Close Loop Verification of Implantable Cardiac Devices
The main project objective is to develop a framework for the formal verification of ICD control software. Several goals have been outlined to meet this objective: (1) identify clinical data sets that provide adjudicated signals (i.e. identification of arrhythmia onset and classification by a physician) and that are compatible with the ICD control software; (2) develop numerical simulations that provide a method of generating self-adjudicated signals compatible with the ICD control software; (3) develop an ICD control-software model based on key temporal and frequency signal properties to perform arrhythmia detection and classification (e.g. VT/supra vs. VT/VF in the ventricle); and (4) apply verification techniques to the ICD model such as open-loop sensitivity analysis and closed-loop specificity analysis that will quantitatively assess rates of inappropriate ICD shocking...
Our verification framework will be based on a high-fidelity model that captures the heart’s electrophysiological behavior under the ICD’s control at an appropriate level of detail. We are exploring three formalisms to identify the model: i) Differential Equations-based Models, ii) Hybrid Automata (HA) and iii) Timed Automata (TA). DEMs forms the basis of modeling the heart’s electrophysiology, which is characterized by the emergent patterns of electrical energy observed at the tissue (macro)-level. HA are ideally suited for capturing interactions between analog physical processes, such as cardiac excitation, and digital control systems, such as the ICD. HA can also be used to approximate the highly nonlinear cell-level behaviors for tractable verification. TA, a subclass of HA, have been successfully used for pacemaker verification by an UPenn team and represent a powerful modeling formalism for cardiac cells.
Compositionality and Approximate Abstraction
Verification of ICDs often runs into the well known State Explosion problem. Given a property of interest the choice of the cardiac model with the requisite level of detail is critical for formal verification. Two technologies that will be developed to facilitate the choice of the model, and then tractable verification are i) compositionality and ii) approximate abstraction. Compositionality enables us to reason about a complex system in terms of its components, also known as subsystems. In our case, the electrophyisiological behavior of the heart under the influence of the ICD will be modeled using two subsystems: a cardiac DEM H and a computational model D of the ICD. The composed model, denoted by H × D, will capture the electrical behaviors of the heart induced by the ICD’s control algorithms. Approximate abstraction, on the other hand, refers to the process of identifying an approximate abstract models H' and D' corresponding to a detailed model H and D, respectively, which removes the complexity of a model while preserving the properties that are relevant to verification.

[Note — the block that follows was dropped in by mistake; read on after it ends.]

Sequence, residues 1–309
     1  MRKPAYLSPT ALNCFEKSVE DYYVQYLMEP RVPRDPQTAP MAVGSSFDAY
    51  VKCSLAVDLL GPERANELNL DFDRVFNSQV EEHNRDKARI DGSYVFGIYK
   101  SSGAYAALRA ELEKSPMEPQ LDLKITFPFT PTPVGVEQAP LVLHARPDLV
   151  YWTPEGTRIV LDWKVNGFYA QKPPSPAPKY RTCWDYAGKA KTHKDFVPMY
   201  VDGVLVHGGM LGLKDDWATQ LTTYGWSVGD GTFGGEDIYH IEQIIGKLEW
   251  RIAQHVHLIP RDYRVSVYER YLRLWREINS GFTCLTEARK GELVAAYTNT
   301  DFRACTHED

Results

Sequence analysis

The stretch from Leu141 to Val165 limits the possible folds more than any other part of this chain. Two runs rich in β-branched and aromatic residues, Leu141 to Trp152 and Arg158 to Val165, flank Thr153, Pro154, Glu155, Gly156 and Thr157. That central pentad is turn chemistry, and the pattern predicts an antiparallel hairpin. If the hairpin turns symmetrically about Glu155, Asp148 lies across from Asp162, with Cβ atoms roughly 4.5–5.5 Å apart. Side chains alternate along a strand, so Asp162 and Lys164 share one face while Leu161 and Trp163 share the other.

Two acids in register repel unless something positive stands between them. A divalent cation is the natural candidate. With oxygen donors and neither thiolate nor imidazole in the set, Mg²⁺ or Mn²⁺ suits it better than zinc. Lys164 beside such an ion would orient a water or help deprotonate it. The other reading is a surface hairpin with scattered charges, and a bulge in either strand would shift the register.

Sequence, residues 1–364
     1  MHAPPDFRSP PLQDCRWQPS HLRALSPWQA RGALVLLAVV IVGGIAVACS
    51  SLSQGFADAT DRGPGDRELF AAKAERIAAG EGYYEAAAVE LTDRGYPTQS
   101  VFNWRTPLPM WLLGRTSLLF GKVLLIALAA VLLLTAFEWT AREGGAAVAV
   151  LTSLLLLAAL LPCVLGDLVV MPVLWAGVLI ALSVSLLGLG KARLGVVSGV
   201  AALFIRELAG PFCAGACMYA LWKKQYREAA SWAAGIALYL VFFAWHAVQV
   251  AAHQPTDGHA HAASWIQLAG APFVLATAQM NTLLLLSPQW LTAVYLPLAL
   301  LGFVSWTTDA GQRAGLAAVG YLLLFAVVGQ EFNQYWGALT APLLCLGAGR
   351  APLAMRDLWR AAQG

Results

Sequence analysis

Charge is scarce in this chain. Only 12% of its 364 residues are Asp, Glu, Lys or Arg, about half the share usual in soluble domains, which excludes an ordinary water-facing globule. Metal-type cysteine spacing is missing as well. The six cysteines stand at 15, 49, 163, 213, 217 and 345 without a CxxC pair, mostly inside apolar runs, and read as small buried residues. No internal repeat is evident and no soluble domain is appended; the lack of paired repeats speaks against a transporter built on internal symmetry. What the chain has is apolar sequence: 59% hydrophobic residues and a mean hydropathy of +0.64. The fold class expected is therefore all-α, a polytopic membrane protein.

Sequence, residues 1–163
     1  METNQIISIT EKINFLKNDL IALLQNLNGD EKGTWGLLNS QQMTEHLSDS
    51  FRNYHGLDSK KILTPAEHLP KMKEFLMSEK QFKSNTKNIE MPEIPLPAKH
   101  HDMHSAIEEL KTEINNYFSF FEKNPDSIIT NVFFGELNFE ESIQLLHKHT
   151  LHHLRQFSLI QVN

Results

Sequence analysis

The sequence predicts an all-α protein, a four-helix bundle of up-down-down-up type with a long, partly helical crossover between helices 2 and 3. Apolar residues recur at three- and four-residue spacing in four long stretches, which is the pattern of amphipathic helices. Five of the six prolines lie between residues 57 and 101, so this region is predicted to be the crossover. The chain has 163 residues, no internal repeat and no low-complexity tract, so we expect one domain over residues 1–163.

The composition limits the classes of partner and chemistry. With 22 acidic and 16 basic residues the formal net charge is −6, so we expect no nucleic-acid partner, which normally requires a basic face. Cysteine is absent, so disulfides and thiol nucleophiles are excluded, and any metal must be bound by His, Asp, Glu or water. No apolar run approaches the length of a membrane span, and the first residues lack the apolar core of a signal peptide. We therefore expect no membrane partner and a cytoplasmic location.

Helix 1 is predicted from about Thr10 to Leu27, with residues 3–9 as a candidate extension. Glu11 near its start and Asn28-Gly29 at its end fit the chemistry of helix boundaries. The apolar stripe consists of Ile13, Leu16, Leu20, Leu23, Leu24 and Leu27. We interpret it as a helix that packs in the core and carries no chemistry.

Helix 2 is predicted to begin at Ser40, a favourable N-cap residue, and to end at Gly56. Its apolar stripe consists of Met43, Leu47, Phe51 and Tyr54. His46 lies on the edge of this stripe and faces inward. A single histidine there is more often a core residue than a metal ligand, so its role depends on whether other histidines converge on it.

Time Frequency Logic (TFL) Specification
A major safety requirement of ICDs is that Ventricular Tachycardia (VT) must be detected and appropriate therapeutic shocks must be delivered to restore the sinus rhythm of the heart. VT, which is primarily characterized by an increase in the heart rate, is diagnosed on the basis of electrogram signals sensed by the leads of the ICD. In this regard, a major safety concern with ICDs is inappropriate shocking, which is defined as the delivery of inappropriate or unnecessary doses of electrical shocks either due to sensing errors, or misdetection of VT on the basis of electrograms. The ICD software is prone to incorrectly detect SVT as VT leading to inappropriate shocking. SVT, such as AFib, originate in the upper chambers of the heart and ICD shocks must be ideally withheld in such cases. Since electrograms form the basis of VT-SVT discrimination, and the overall operation of the ICDs, requirements will be learned and specified using temporal and frequency-domain aspects of electrograms. Following are some of the features of electrograms that will be used to specify the requirements: heart rate, variability in cycle lengths, QRS complex morphology, atrio-ventricular heart rate ratio, dominant frequency, and sudden onset criteria.
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 Md. Ariful Islam, Hyunkung Lim, Nicola Paoletti, Houssam Abbas, Zhihao Jiang, Jacek Cyranka, Rance Cleaveland, Sicun Gao, Edmund Clarke, Radu Grosu, Rahul Mangharam, Elizabeth Cherry, Flavio Fenton, Richard A. Gray, James Glimm, Shan Lin, Qinsi Wang, and Scott A. Smolka: CyberCardia Project: Modeling, Verification and Validation of Implantable Cardiac Devices. IEEE International Conference on Bioinformatics and Biomedicine (BIBM), 2016.
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 Md. A. Islam, G. Byrne, S. Kong, E. M. Clarke, R Cleaveland, F. H. Fenton, R. Grosu, S. A. Smolka (2016). Bifurcation Analysis of Cardiac Alternans using delta-Decidability. Proceedings of CMSB 2016, The 14th Conference on Computational Methods in Systems Biology.
 Md. A. Islam, Q. Wang, E. M. Clarke, S. A. Smolka, R. Hsani, Radu Grosu, O. Balun (2016). Probabilistic Reachability Analysis of the Tap Withdrawal Circuit in Caenorhabditis elegans. Proceedings of HLDVT 2016: The 18th IEEE International High-Level Design Validation and Test Workshop.